House Majority Leader Kevin McCarthy, R-Calif., knew from the start that it was going to be a public relations disaster.
McCarthy argued in a closed door meeting on Monday night that it was a bad idea for the Republicans to make gutting the independent congressional ethics office their first move since taking control of both houses of Congress and the White House following the November election.
“I was one of the first to the (microphone) as to why I didn’t think this was the best timing to do it,” McCarthy, of Bakersfield, told reporters on Tuesday.
House Republicans ignored his counsel and voted 119-74 on Monday night to curtail the independent Office of Congressional Ethics. Only after President-elect Donald Trump and others criticized the move on Tuesday did Republicans hold an emergency caucus meeting and drop the plan.
McCarthy had been caught in a vise, struggling to defend the plan to reporters Tuesday morning on the one hand while emphasizing his personal opposition to the timing on the other. Some two hours later, House Republicans decided curbing the ethics office didn’t have to be their first priority after all.
McCarthy’s office would not immediately comment on his role in convincing his fellow Republicans to drop the idea, but at least one lawmaker characterized him as playing a major role in the emergency deliberations that led to Tuesday’s decision not to curtail the ethics office.
The House Republican decision to reverse course on sweeping changes to the ethics office came after Trump weighed in with his own feelings.
“With all that Congress has to work on, do they really have to make the weakening of the Independent Ethics Watchdog, as unfair as it may be, their number one act and priority. Focus on tax reform, healthcare and so many other things of far greater importance!” Trump tweeted.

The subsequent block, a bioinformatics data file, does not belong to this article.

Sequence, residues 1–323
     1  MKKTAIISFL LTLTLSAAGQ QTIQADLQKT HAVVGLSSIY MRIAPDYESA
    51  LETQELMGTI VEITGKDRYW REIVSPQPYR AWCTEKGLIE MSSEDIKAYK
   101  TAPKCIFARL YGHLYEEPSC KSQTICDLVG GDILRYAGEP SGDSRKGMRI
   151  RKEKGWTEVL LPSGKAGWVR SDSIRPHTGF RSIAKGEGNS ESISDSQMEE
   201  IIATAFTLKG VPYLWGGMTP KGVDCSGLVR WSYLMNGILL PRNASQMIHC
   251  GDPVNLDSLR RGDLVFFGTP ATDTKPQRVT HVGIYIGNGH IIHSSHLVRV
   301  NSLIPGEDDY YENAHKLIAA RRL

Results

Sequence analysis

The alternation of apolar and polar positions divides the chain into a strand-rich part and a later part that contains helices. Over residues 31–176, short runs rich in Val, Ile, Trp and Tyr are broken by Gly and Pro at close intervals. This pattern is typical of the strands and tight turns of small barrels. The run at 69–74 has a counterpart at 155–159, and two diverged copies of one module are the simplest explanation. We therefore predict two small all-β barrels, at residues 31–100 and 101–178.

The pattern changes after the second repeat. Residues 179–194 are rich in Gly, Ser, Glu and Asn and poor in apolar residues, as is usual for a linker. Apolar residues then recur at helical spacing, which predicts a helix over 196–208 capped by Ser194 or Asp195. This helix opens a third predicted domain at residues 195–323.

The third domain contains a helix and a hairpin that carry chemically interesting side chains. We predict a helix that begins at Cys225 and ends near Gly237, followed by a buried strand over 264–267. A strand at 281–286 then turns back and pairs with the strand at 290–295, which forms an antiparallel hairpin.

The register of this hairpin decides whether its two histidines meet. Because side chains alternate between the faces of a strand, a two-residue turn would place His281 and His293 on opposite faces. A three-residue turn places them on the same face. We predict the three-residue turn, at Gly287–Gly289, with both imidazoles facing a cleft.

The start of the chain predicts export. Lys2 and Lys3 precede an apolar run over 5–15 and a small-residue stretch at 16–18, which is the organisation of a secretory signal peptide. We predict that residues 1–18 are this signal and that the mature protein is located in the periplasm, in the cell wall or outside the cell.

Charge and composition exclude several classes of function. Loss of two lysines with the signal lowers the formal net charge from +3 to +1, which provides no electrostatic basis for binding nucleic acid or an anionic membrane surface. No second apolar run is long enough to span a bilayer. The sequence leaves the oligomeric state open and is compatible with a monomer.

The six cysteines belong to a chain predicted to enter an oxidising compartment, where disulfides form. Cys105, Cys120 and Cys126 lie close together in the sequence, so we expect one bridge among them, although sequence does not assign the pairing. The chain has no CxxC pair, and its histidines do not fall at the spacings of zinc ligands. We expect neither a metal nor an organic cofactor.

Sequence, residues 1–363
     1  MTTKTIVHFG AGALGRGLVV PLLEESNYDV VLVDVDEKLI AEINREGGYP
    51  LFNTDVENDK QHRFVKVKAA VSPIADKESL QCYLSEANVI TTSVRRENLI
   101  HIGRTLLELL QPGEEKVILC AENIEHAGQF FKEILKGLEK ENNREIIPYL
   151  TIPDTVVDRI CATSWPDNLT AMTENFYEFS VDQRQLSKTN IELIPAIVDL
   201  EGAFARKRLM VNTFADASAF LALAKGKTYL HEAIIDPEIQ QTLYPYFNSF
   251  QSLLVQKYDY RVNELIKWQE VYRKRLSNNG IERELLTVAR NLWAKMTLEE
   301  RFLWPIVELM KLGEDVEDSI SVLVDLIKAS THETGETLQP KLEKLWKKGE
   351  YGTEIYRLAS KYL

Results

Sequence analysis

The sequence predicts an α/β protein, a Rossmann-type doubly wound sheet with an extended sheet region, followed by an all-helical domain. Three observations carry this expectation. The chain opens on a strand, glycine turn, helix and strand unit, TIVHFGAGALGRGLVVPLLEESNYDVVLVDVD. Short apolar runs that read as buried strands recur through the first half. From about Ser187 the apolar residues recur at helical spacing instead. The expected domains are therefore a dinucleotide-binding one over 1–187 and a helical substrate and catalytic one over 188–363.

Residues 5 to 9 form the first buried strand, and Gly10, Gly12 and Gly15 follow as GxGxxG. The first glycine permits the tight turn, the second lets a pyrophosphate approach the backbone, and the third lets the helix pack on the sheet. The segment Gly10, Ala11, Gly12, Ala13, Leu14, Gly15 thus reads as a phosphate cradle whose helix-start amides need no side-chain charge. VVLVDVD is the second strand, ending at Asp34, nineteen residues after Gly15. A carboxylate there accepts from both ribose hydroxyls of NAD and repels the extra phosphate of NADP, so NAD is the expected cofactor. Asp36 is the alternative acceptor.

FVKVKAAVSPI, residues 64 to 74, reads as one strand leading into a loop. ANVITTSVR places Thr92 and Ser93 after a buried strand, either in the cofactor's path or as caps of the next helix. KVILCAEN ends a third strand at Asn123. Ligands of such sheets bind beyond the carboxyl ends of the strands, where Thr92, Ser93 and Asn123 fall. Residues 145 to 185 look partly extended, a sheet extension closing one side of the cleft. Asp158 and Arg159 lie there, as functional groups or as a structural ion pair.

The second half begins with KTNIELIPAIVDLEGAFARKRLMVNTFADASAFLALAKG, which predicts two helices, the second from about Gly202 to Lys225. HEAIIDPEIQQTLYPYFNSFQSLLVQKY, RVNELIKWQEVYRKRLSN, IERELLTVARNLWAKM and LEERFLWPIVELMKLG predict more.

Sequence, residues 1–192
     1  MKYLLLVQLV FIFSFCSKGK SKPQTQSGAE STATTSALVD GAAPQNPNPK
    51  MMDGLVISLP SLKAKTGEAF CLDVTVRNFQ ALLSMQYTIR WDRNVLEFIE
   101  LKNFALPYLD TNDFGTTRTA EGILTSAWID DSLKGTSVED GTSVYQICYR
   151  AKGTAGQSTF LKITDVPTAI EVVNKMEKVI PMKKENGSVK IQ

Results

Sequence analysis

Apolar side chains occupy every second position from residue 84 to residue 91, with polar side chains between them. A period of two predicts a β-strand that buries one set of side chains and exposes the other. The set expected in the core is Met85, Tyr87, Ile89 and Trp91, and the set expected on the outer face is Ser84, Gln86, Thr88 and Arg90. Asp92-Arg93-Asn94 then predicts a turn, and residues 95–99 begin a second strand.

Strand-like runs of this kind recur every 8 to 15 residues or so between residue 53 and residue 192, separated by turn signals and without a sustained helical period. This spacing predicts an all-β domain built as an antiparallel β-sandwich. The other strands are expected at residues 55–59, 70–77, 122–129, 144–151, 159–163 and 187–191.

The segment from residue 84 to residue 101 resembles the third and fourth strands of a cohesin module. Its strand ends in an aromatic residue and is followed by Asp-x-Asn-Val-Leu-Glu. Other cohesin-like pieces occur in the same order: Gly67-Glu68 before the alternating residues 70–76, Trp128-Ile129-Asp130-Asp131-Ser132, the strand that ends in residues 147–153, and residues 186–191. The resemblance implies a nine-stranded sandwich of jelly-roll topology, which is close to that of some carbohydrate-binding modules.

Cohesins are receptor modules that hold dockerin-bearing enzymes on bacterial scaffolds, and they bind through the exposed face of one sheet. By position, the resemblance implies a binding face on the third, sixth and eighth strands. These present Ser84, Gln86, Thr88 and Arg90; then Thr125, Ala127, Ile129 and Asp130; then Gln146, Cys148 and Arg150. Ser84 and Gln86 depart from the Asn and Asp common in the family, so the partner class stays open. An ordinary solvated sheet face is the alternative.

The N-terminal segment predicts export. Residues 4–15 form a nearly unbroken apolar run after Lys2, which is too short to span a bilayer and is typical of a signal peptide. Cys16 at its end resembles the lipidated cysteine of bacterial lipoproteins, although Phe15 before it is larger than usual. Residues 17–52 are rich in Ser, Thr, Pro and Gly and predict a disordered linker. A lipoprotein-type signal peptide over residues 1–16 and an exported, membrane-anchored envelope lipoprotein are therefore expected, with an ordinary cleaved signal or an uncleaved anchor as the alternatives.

Asked by reporters about the criticism from Trump, McCarthy said that he shared the president-elect’s view.
“I read the tweet and those are the same arguments I made last night,” McCarthy said.
McCarthy said he’d prefer for House Republicans not to change the ethics system on their own – suggesting some Democrats also had concerns with the ethics office.
“Anytime you want to deal with some reforms it’s probably best to do it in a bipartisan manner,” McCarthy said.
McCarthy nevertheless attempted to defend the plan to reporters, arguing that criticism of it was overblown. He fumbled on details when pressed, though, saying at one point “I’ll have to go back and look.” He said there were concerns about ongoing ethics probes becoming public.
“Someone may be accused of something, that doesn’t mean they did it or not,” McCarthy said.
The independent Office of Congressional Ethics was created in 2008 after scandals and complaints that the House Ethics Committee wasn’t aggressive enough in policing members of Congress.
The change would have renamed it the Office of Congressional Complaint Review and put the office under oversight of the House Ethics Committee.
The planned change was heavily criticized by watchdog groups and Democrats in Congress, including House Minority Leader Nancy Pelosi, D-Calif.
“House Republicans showed their true colors last night, and reversing their plans to destroy the Office of Congressional Ethics will not obscure their clear contempt for ethics in the people’s House,” Pelosi said in a written statement Tuesday.
Rep. David Brat, R-Va., said House Republicans withdrew the planned ethics changes after media coverage helped fan intense criticism of the move.
“We were just getting calls,” Brat said. “Part of it is the headlines.”